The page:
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Election Law @ Moritz

Election Law @ Moritz


Information & Analysis

MD District Court issues preliminary injunction in UOCAVA absentee voting case

On Oct. 29, a District Court in Maryland granted relief on a constitutional claim by a member of the Maryland National Guard and the Military Voter Protection Project. The complaint alleged that the state of Maryland violated the U.S. Constitution, as well as the Uniformed and Overseas Citizens Absentee Voting Act (UOCAVA), because it failed to provide enough time for absentee voting by military and overseas voters. The court granted a preliminary injunction on the constitutional claim, explaining that "where a state has authorized the use of absentee ballots, any restriction it imposes on the use of those absentee ballots which has the effect of severely burdening a group of voters must be narrowly tailored to further a compelling state interest." The court went on to find that the interest of having the ballots of absentee voters counted outweighed the state's interest in enforcing the Nov. 12 deadline. The opinion may be found here. Professor Spencer Overton offers these thoughts on its significance.

Commentary

Daniel P. Tokaji

What's the Matter with Kobach?

Daniel P. Tokaji

By "Kobach," I mean the Kobach v. EAC case in which the Tenth Circuit heard oral argument Monday – rather than its lead plaintiff, Kansas’ controversial Secretary of State Kris Kobach, who argued the position of his state and the State of Arizona. This post discusses what’s at issue in the case, where the district court went wrong, and what the Tenth Circuit should do.

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In the News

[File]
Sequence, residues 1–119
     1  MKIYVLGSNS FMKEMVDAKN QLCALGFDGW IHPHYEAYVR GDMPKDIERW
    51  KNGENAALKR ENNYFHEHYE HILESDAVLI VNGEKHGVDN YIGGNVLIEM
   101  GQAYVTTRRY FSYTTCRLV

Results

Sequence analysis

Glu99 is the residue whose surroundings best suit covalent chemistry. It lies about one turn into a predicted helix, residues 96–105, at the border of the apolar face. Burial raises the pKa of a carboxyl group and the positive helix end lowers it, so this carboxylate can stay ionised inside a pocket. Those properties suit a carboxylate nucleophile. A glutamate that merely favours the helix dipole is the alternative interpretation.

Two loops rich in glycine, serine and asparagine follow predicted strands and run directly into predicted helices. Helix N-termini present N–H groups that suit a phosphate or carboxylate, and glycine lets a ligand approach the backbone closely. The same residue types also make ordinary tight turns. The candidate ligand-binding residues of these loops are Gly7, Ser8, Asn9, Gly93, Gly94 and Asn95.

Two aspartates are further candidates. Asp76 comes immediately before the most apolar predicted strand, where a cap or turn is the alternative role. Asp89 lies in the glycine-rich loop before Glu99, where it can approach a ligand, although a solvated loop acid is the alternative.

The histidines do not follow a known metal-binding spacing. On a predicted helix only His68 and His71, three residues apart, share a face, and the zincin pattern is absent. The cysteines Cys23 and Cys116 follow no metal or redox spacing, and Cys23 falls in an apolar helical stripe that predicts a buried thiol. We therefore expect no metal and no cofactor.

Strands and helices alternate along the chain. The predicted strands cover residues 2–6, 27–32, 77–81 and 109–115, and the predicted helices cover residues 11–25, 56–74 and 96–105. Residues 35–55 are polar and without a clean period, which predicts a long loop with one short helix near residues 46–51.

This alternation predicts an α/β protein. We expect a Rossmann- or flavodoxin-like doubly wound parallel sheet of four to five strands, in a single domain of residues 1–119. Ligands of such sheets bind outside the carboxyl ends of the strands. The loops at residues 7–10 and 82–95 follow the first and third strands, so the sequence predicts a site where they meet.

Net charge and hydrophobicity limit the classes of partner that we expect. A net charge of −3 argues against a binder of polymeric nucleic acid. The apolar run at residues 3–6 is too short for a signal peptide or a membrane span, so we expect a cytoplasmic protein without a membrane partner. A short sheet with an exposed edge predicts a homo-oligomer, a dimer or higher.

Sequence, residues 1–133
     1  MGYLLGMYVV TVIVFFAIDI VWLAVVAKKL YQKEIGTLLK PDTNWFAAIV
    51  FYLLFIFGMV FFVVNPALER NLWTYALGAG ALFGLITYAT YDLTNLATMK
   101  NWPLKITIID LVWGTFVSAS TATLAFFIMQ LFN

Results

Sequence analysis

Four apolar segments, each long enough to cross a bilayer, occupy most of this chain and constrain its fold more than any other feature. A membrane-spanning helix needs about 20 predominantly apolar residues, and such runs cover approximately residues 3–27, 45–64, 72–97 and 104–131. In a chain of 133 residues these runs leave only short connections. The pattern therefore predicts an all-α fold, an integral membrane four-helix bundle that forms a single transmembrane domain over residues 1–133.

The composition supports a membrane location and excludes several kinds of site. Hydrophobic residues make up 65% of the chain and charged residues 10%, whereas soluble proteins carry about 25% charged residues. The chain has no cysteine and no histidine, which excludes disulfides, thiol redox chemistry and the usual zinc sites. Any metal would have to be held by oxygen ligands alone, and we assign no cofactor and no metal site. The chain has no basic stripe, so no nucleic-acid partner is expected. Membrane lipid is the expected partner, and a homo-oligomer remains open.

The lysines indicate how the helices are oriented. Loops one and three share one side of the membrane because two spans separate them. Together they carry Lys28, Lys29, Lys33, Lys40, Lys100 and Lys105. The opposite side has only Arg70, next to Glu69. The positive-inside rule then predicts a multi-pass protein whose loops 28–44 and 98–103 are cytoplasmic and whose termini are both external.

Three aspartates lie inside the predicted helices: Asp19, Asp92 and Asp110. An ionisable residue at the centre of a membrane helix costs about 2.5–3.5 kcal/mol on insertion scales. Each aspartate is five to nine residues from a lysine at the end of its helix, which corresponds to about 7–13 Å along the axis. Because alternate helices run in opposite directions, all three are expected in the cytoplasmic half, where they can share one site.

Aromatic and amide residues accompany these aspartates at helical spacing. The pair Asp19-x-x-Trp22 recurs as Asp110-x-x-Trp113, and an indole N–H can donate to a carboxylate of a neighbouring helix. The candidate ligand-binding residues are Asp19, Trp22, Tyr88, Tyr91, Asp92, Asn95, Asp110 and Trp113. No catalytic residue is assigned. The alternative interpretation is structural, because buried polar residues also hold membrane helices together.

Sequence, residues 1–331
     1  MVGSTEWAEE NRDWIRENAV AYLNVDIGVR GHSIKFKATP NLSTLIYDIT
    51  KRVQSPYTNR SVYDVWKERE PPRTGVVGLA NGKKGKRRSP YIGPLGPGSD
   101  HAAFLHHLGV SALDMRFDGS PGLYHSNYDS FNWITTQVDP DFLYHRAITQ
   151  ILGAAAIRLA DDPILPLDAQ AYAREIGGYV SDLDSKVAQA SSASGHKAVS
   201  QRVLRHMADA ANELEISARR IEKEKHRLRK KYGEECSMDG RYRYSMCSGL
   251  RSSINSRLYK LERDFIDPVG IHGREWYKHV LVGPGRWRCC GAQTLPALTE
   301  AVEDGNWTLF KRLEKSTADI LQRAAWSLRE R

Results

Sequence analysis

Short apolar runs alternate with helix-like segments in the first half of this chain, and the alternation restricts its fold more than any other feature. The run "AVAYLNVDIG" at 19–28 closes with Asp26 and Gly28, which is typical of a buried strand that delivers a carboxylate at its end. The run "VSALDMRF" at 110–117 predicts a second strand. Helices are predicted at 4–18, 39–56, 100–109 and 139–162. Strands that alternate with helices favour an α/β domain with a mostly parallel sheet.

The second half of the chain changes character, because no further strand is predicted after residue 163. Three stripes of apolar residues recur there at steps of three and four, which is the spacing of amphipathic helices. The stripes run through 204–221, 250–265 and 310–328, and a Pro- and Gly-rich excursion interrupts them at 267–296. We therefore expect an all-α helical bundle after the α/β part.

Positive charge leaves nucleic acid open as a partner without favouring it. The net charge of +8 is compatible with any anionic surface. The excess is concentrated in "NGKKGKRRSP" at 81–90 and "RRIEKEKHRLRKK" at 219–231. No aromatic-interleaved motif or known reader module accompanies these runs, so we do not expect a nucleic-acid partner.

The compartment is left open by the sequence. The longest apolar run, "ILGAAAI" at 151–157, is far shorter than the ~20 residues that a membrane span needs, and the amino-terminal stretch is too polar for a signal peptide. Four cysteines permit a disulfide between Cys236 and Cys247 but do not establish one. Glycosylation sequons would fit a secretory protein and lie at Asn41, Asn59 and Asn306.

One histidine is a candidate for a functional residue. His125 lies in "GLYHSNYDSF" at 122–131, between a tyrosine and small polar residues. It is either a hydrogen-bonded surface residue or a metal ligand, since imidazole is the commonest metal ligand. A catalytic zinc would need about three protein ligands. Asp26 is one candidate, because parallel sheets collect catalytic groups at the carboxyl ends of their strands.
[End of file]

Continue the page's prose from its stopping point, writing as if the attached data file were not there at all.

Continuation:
Daniel P. Tokaji

Ohio treasurer receives OK to host town halls

Professor Daniel Tokaji was quoted in an article from the Associated Press about an attorney general opinion that allows the Ohio treasurer to conduct telephone town halls using public money. The opinion will likely have broad ramifications for the upcoming elections, Tokaji said.

“As a practical matter, while that legal advice is certainly right, very serious concerns can arise about whether these are really intended to inform Ohio constituents about the operations of his office or if they’re campaign events,” he said.

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Info & Analysis

Judge Denies Motion for Preliminary Injunction in NC Case

U.S. District Judge Thomas D. Schroeder denied the motion for a preliminary injunction sought by the plaintiffs in a case challenging a new North Carolina voting law as violating the Voting Rights Act and the federal Constitution. Judge Schroeder also denied the defendants' motion for judgment on the pleadings. The case is North Carolina NAACP v. McCrory.

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